Thursday April 2, 2020
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T&T central bank sacks Indian-origin governor Rambarran


Port-of-Spain: The sacking of Jwala Rambarran, who is of Indian descent, as governor of the Central Bank of Trinidad and Tobago, has triggered an uproar in both the political and ethnic quarters of the twin-island nation in the Caribbean.

Trinidad and Tobago Finance Minister Colm Imbert accused Rambarran of violating several laws, for which he and could face criminal charges.

He was appointed by former prime minister Kamla Persad-Bissessar, who is also of Indian origin, three-and-a-half years ago amid criticism that he was chosen over officials with better qualifications. His tenure was for five years.

Rambarran was the second person of East Indian descent to hold the position, the other being Winston Dookeran since the Central Bank was established in 1964, two years after Independence from British rule in 1962.

Even when the People’s National Movement (PNM) was in opposition, it had been criticizing Rambarran, calling him an On-the-Job Training(OJT).

Rambarran’s dismissal came on Wednesday after the cabinet held its last meeting before Christmas. A government source said that the governor breached several financial laws since the PNM came in power last September and could face criminal charges which carry fines and a prison term.

It is alleged that Rambarran breached three laws: the Central Bank Act, the Financial Institution Act and the Exchange Control Act.

“The cabinet took the decision after very careful deliberations,” Imbert said.

Rambarran had named three companies for violation of foreign exchange laws. The companies had written to Imbert to complain about this and had pledged to take legal action.

Rambarran said local laws gave him the authority to release the names, adding that people had a right to know that a large part of the foreign exchange was being used in the import and distribution trade. Rambarran also had announced that the economy of this oil- and gas-rich island nation had fallen into a recession with four straight quarters of economic decline.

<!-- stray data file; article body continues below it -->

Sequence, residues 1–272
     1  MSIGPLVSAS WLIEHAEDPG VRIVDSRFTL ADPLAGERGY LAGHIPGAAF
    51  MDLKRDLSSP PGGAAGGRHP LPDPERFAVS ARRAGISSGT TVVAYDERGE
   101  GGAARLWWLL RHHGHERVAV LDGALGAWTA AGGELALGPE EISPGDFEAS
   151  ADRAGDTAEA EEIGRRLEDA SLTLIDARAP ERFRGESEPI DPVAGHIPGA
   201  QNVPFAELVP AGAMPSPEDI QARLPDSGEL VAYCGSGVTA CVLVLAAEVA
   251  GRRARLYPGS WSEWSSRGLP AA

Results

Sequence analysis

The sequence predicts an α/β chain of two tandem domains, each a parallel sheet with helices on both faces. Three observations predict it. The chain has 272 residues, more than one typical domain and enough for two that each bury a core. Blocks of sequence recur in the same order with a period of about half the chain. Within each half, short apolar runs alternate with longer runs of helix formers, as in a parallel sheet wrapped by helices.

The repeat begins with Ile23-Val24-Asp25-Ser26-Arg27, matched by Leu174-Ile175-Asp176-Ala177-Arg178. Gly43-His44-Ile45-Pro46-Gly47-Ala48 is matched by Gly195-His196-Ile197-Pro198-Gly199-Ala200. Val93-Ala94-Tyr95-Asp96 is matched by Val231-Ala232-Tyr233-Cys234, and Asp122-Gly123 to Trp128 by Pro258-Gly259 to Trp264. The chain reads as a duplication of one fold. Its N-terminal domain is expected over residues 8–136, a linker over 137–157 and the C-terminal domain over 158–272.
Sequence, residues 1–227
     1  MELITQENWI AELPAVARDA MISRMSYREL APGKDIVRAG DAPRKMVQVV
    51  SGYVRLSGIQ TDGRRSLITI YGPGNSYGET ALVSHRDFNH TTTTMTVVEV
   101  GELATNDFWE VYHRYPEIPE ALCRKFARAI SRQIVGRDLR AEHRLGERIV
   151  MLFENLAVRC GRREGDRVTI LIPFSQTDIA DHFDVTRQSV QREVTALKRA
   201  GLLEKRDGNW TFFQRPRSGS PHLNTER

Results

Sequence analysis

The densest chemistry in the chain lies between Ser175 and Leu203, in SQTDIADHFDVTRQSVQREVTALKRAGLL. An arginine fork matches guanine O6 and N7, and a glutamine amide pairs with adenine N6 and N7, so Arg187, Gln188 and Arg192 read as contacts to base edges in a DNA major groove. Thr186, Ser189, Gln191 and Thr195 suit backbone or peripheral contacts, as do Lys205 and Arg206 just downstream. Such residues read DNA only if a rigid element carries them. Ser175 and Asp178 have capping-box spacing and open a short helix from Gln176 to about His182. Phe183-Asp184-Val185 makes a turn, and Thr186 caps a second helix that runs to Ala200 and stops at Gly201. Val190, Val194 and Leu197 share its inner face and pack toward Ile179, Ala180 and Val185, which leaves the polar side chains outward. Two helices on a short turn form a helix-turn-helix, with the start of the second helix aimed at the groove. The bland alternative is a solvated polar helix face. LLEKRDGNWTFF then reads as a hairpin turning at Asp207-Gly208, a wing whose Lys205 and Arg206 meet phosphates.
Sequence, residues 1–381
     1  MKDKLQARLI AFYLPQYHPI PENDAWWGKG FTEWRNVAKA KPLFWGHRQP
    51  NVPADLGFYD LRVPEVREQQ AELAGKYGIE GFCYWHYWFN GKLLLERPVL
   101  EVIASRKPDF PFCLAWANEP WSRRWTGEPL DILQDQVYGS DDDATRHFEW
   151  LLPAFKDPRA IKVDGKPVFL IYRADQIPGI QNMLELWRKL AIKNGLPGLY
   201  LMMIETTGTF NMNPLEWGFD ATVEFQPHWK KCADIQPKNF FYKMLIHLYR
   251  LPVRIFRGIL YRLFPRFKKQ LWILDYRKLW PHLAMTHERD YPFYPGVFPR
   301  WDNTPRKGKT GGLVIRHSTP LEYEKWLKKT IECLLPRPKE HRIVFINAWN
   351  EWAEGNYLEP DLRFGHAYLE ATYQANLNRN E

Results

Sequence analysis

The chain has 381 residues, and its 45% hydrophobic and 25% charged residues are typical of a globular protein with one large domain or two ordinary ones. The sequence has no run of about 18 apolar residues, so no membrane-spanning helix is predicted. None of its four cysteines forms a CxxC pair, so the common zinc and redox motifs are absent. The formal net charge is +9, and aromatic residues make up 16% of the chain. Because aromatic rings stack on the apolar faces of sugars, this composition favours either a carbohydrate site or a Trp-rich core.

Both Imbert and Prime Minister Keith Rowley said the governor did not back up his claim with government data.

Rambarran was fired following other complaints, including shortages of hard currency in commercial banks to pay for imports following several operational changes at the Central Bank, the government said.

Persad-Bissessar said that she was shocked but not surprised, noting that the removal had all the hallmarks of the PNM government. In a statement, she also likened his dismissal to the PNM regime’s action against former Speaker of the House of Representatives, and a former Chief Justice, Satnarine Sharma, both Hindus and of Indian origin.

Persad-Bissessar said that it was the continuation of the victimisation that has been taking place since the Rowley government took over from her last September. “Rambarran’s crime has nothing to do with his competence but with statements that have offended the governing elite and its friends,” she said.

About 35 percent of the country’s 1.2 million population is of Indian origin, most of them Hindus. (IANS) (Picture

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Indians say no to Visa as OCI cards enough to visit India

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New Delhi: Indians will no longer have to get a visa every time they travel to their motherland. The decision was taken seeing the Overseas Citizen of India (OCI) and Persons of Indian Origin (PIO) being merged under the same wing last year.

The pertinence of an OCI card will be enough to enter the country, hence eradicating the need for a visa.

Although, carrying a passport will be compulsory.

According to a senior government official: “Till now, every OCI card holder also had to get a visa affixed from the Indian High Commission whenever they planned a visit to India. Now, only the OCI card will be needed”.

The government has planned to print OCI cards in prominent countries like UK and USA, where a majority of Indian population resides.


The government altered the citizenship act last year, collaborating the OCI and PIO
“Since the announcement, there was a lot of confusion among the diaspora regarding the two cards. The respective missions in foreign countries held workshops and tried to clear doubts. The earlier deadline to migrate from PIO to OCI was January 2016, but we have now extended the deadline to June 30,” the official said.

The merging of OCI and PIO will help the government in gaining an actual database of the Indian diaspora since an amalgamated figure is not present.


“Keeping in view the promise [made by PM Modi in the USA and Australia in 2014], an ordinance was promulgated on January 6, 2015 whereby the eligibility and additional benefits of the PIO card have been incorporated in the OCI card and certain other relaxation to OCI card holders have been given by amending the Citizenship Act, 1955. The PIO and the OCI cards used to exist simultaneously, leading to a lot of confusion among the PIOs residing abroad,” an official said. (Inputs from The Hindu)